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Yahoo to focus on fewer ad products to help save its business


By Seb Joseph, News editor

February 3, 2016 | 5 min read

Yahoo is streamlining its advertising offering to focus on fewer but more popular ad products in what could be the last throw of the dice in its attempt to keep pace with Google and Facebook.

What is next for Yahoo?

The beleaguered media business outlined a flurry of strategic changes yesterday evening (2 February) in an attempt to ease investor concerns after it announced a $4.4bn loss in 2015. It summed up another mediocre year for Yahoo, which chief executive Marissa Mayer admitted had become too dependent on banner ads and desktop users, both of which are in decline.

With that in mind, advertising at Yahoo is being more tightly woven around the biggest trends of the moment – mobile, video, native and social – underpinned by its burgeoning programmatic offering through the Gemini platform. In order to sell these products on the scale needed, the business has had to streamline its sales support and operations team in a move that means it will no longer provide local products for most of Europe and Latin America and instead focus on the US, Canada, the UK, Germany, Hong Kong and Taiwan.

Mayer expects the plan to push Yahoo’s so-called Mavens business, which houses its mobile, video, native and social products, to at least $1.8bn in 2016, around 12 per cent growth this year but still way behind the momentum across the wider digital market. Mayer said the reason for the “drag” was due to some older ad formats in its programmatic stack putting pressure on its price per ad in the near term.

As more premium ad spend moves to programmatic, some of that spend is going on older ad formats, which in turn stunts growth because they're sold at a lower price, explained Mayer on the earnings call. “That said, once that stabilises, we do think we'll start to see price appreciation in programmatic selling of older style ad formats.”

She continued: “Advertisers are increasingly embracing programmatic technology for its optimal performance, pricing and control. In line with this trend, our global sales team has been training and scaling form traditional premium focused sales to performance and programmatic offerings.”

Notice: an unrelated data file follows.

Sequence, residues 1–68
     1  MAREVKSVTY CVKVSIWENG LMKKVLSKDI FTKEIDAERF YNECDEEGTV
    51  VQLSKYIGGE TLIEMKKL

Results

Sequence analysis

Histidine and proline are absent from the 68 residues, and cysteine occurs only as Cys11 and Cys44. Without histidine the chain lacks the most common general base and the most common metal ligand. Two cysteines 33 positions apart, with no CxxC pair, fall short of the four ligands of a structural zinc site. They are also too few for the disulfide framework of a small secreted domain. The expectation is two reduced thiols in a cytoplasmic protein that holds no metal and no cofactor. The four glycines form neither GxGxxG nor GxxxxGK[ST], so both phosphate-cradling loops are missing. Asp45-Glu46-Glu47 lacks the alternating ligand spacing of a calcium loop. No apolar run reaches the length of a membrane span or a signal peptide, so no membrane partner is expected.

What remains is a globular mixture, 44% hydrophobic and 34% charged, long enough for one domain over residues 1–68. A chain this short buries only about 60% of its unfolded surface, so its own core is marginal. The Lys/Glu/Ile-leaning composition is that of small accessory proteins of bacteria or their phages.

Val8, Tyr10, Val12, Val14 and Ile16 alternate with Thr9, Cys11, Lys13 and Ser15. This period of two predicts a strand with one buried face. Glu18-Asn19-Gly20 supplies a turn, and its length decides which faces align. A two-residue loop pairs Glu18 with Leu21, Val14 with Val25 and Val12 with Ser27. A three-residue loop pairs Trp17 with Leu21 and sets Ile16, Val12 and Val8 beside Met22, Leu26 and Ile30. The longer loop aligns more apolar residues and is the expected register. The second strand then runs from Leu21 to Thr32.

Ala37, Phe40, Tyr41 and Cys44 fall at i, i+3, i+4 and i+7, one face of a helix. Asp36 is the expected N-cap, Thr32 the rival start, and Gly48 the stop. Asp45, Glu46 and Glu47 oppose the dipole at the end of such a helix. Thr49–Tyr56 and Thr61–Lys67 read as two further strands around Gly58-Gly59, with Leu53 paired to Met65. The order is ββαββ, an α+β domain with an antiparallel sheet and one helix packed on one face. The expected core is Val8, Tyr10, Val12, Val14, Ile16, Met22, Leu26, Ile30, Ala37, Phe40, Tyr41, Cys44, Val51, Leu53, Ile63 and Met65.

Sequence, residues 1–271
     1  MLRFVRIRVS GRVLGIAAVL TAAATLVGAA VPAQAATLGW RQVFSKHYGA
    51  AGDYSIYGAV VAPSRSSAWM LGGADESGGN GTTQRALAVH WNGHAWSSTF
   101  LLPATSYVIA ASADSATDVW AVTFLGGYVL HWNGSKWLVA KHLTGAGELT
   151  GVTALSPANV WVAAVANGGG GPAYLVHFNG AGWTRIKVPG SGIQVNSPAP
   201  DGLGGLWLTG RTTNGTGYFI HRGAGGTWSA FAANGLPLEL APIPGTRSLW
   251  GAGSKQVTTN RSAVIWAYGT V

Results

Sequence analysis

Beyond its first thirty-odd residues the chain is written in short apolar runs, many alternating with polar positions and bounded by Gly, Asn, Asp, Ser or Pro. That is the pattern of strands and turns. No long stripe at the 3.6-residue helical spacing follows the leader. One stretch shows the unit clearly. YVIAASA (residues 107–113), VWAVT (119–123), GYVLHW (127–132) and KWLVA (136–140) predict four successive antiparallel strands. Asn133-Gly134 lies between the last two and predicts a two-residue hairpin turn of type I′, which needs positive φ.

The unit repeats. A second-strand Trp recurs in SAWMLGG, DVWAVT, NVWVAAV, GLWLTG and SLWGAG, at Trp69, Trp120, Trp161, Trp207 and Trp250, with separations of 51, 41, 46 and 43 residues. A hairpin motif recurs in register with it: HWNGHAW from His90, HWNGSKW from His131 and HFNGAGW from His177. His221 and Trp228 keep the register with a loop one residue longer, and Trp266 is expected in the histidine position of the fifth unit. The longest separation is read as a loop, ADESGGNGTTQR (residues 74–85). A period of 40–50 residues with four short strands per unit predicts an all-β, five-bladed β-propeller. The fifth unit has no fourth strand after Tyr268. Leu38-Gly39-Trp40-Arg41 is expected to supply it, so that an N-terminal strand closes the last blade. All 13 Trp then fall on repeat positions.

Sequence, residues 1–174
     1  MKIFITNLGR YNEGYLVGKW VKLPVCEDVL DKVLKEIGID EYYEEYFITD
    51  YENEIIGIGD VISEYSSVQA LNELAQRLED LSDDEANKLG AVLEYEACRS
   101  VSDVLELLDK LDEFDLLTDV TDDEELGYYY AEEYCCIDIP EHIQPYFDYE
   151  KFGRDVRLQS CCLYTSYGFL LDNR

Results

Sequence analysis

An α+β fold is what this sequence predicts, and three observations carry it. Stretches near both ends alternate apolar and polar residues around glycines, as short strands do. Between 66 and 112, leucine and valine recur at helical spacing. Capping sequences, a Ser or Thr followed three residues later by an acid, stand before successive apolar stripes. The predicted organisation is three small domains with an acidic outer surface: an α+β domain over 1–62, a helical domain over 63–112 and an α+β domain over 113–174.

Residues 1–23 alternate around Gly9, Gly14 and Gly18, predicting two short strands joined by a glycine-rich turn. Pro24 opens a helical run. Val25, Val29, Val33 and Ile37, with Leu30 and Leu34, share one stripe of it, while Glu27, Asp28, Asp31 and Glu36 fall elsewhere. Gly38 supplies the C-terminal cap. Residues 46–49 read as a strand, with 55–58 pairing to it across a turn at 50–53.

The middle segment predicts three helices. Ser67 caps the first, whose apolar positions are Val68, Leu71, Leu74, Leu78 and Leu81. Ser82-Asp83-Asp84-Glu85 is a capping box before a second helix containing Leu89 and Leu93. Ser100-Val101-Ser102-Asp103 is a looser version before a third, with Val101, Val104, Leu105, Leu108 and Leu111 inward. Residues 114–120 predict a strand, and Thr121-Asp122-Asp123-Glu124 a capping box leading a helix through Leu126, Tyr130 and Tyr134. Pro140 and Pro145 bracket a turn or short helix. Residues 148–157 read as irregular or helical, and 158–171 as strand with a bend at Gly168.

Mayer also took time to explain the company’s evolving approach to mobile in light of the difficulty it’s had monetising the 575 million users who visit its mobile properties each month. Mobile may be the largest contributor to Yahoo’s ad business, adding over $1bn or nearly a quarter of its traffic-driven revenue but it still trails Facebook, which made roughly $4.5bn in revenue from mobile ads in its latest quarter – roughly 15 times what Yahoo made in the same period.

To close the gap, Yahoo is ramping up efforts to convince developers to create products for its services as well as deepen revenues from mobile search and its network of apps.

Eventually, the media owner wants to see search evolve into a more app-orientated format where – either from within the Flurry development kit or its standalone arpplications – it’s able to create rich-app and more premium ad experiences for search. Such a move could leave it well placed for the proliferation of personal assistances that many technology platforms are braced for in the coming years.

Mayer explained how this move could pan out: "If you were looking to find somewhere in downtown San Francisco and it's 6pm on a Saturday, it's useful to be able to say, OK, use Yelp or use OpenTable to actually book a reservation and being able to know what applications you have on your phone, deep link to them and really provide a great guidance.

“This is really where Yahoo's mission around being the guide comes into play. It's something that's quite different and it will monetise differently. The user interaction will be different, and we really think that mobile search needs a much deeper re-imagination.”

The changes see Yahoo double down on its ad business to kickstart growth, which has remained flat since Mayer took the reins of the business in 2012.

That failure to capitalise on a market undergoing rapid growth has put the company under pressure from activist investors who want Yahoo to sell off its main business in order to cut costs so that it can take on Google.

Yahoo said in its earnings results yesterday that it would explore “strategic alternatives” for the internet arm of its business alongside its preferred plan for a spin-off. It’s why the business opted to axe 15 per cent of its workforce instead to give it time to consider the best option, which could also see it hive off its 15 per cent lucrative stake in the Alibaba Chinese marketplace.


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